Nissan will invest 130 million euros ($178 million) in the Barcelona factory to create capacity to build 80,000 units of the car a year, with production starting in 2014, the company said in a statement on Monday. The investment will create 1,000 direct jobs and 3,000 indirect jobs.
The car will rival models such as the Volkswagen Golf and Ford Focus and marks the automaker's return to the European mainstream compact segment that the company quit when it stopped selling the Almera in the region in 2006.
The model will be the first car to be produced in the Barcelona factory, which builds the Pathfinder SUV, Navara pickup and NV200 commercial van.
Nissan said it is also investing 14 million euros in Barcelona to create 24,000 units of additional annual capacity for the pickup and 6 million euros to produce transmissions for the Leaf electric car and eNV200 electric van.
Nissan is returning to the European compact segment to help the company achieve its aim of supplanting Toyota as the region's No, 1 Asian brand by unit sales. The compact would bring more fleet customers to the brand. The automaker's current compact model, the Qashqai, is a hit with private buyers.
The automaker has not released any information about the new compact but company executives say it will not be called the Almera.
Nissan originally planned to build the compact at its factory in Sunderland, England, but the automaker now plans to produce a premium compact for Infiniti at the plant instead, starting in 2015.
Renault's management has told unions that Nissan's plan to build the car in Barcelona does not end hopes that the Japanese automaker may allocate some production to Renault's French factories if a new wage deal is agreed, according to a report in Les Echos.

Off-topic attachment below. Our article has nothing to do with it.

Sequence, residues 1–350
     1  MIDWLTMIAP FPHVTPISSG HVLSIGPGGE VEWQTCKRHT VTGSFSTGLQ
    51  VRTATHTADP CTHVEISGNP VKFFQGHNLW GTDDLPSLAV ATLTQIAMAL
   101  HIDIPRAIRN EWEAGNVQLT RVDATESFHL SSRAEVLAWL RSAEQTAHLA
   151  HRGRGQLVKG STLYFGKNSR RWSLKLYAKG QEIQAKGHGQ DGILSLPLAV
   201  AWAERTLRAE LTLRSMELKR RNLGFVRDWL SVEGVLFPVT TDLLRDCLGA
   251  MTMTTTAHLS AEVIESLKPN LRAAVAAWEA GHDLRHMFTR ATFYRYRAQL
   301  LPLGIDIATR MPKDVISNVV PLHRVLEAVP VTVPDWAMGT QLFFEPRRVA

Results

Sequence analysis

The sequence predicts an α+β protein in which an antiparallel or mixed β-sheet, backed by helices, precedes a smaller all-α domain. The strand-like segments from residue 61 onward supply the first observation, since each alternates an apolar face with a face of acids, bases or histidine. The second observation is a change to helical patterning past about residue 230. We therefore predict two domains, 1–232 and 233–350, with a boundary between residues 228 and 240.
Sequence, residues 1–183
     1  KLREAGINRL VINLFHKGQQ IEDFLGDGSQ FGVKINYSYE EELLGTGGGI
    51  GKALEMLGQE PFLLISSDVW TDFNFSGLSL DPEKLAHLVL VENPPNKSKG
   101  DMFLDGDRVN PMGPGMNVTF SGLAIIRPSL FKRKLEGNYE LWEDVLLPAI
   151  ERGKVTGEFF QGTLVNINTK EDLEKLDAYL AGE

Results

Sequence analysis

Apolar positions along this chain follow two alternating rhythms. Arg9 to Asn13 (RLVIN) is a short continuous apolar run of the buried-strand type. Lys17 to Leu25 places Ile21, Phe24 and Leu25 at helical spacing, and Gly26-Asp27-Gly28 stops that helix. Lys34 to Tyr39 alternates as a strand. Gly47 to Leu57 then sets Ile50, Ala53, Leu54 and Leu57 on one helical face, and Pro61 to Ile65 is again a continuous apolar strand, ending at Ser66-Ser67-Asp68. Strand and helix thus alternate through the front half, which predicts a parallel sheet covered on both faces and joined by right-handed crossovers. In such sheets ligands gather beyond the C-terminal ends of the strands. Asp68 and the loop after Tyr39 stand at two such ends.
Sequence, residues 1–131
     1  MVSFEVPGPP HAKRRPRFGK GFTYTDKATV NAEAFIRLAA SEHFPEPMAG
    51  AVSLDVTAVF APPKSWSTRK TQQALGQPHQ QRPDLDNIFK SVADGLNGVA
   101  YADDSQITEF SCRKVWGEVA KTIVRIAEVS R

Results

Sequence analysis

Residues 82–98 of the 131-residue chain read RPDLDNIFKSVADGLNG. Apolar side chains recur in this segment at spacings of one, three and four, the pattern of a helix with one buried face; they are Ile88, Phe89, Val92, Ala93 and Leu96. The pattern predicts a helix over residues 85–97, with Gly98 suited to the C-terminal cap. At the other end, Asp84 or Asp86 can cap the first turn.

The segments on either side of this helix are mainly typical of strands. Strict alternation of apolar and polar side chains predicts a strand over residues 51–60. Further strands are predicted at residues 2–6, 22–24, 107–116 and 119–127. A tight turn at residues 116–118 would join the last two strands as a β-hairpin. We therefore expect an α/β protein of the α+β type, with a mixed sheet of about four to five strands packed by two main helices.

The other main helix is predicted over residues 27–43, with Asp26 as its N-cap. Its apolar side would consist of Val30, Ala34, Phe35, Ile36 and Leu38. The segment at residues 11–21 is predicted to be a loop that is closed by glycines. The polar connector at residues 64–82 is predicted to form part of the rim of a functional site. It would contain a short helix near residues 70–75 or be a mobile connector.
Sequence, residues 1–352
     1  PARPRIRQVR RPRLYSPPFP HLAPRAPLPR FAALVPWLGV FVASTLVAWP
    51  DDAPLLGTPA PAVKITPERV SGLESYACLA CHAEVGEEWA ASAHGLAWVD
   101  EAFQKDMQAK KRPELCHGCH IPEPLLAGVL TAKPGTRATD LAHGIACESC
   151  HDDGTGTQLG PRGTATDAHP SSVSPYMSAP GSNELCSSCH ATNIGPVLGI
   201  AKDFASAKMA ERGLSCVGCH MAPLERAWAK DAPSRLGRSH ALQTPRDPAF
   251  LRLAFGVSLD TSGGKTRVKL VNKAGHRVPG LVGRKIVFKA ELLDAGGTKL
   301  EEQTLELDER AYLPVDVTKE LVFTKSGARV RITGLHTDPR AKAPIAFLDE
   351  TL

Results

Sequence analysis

Renault, VW invest in Spain
Nissan's investment in Barcelona is the latest sign of returning confidence in Spain's competitiveness. Last month, Renault said it would build its new Captur subcompact SUV/crossover at its Valladolid factory. The Clio-based Captur will debut at the Geneva auto show in March. Volkswagen also said last month that it will invest 785 million euros in its Pamplona plant over the next five years, mostly for the next-generation Polo subcompact.
The Spanish government has said recent investment by automakers was a sign that labor market reform, which gave firms more power to hire and fire workers and greater wage-negotiation flexibility, has made doing business in Spain more attractive.
Nissan exports 80 percent of the cars made in Barcelona. This shields it from a lagging Spanish market, where car sales have plummeted as a result of high unemployment, low consumer confidence and economic uncertainty.
"In coming years, the Barcelona plant will work at full capacity, with annual production of over 200,000 units. Taking into account the current crisis, this is not just an achievement for Nissan but for industry in Spain," said Frank Torres, head of Nissan Spain.
The Barcelona investment comes after Nissan reached a deal with unions last week on wage cuts, ending months of tense negotiations that nearly caused the company to cancel expansion plans in Spain.